Seven years I’ve been living in the same working-class neighborhood in Madrid, Spain. For the first six years I have somewhat proudly proclaimed myself as “The American of the Neighborhood“, never finding evidence to refute this. Times change.
No, I don’t hang the American flag from my balcony nor do I play American music so loud so the entire neighborhood can hear it. Nor do I ask merchants, ‘Excuse me, do you speak English?‘. That’s just silly. In fact, I don’t want ANYONE to know I’m American. They can already figure out I’m not Spanish by my ‘look’ and accent/vocabulary so if they’re curious enough, they can ask and I’ll tell them. A few have asked, too, and don’t treat me differently upon hearing the answer.
Local shopkeepers, about which I wrote in my “Feels Like Home When Merchants Know Your Name” blog post, have told me on one or two occasions that they think someone else from my country lives in the area. Not surprisingly, Spaniards sometimes confuse Americans with Brits with Irish with Australians and even with Germans because we really do look a lot alike. I have heard a small handful of people, maybe 4 or 5, speaking English around the neighborhood, but they’ve all been British – which is ALSO surprising to find here.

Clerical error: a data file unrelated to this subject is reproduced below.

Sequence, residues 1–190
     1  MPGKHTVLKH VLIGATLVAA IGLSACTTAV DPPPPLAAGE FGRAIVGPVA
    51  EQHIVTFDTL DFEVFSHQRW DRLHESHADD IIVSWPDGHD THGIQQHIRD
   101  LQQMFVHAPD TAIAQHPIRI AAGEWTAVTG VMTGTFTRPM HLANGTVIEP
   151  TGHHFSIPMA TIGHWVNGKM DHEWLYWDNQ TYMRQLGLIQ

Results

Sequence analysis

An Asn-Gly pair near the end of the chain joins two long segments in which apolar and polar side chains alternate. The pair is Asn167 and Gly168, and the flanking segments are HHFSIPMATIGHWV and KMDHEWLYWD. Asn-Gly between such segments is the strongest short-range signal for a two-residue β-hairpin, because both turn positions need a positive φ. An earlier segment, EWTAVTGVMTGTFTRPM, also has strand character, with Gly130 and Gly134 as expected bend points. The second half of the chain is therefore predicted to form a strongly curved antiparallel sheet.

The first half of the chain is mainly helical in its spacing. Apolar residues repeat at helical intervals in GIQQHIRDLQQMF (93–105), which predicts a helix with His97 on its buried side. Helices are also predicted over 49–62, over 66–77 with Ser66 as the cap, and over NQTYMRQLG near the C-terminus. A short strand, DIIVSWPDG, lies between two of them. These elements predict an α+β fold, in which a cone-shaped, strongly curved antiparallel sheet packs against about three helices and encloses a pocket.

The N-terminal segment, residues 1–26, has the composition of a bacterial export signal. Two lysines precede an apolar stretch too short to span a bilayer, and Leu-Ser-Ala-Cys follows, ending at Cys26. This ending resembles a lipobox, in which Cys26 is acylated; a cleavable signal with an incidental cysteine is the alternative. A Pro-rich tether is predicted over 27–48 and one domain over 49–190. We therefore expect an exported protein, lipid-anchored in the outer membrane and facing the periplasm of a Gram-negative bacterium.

In the last year I discovered one of my neighbors, living within a literal stone’s-throw from me, is (likely) from the United States and about my age, maybe a little younger. No, I haven’t spoken with him yet, but I’ve heard him speak in perfect American English on his mobile phone and even sing classic American English-language songs from a distance. Sure, he could also be Canadian, I guess, but that’s even less likely.
Needless to say, I don’t suffer from The Ugly American Syndrome and have made every effort to assimilate myself into the Spanish social culture. My interactions with Americans only take place online and I don’t have a single face-to-face American friend in Madrid. That’s mostly by design. But don’t misunderstand. I’m not at all anti-American. I’m just pro-Spanish.
I must say that something about his presence does make me feel a bit different, not so special or unique anymore. I know many readers will encourage me to introduce myself, make a new friend, and share our common stories and experiences, but I’m resistant to this idea. I’m afraid to open that door. It could seriously change the dynamic of my Spanish experience and lifestyle, one I love so dearly.
I’m a true believer that one should “Stand In The Place Where You Live” (lyric from the R.E.M. song, “Stand“). Sure, I pined to live in Madrid for many years from Ohio, USA, but now that I’m here, I’m perfectly happy.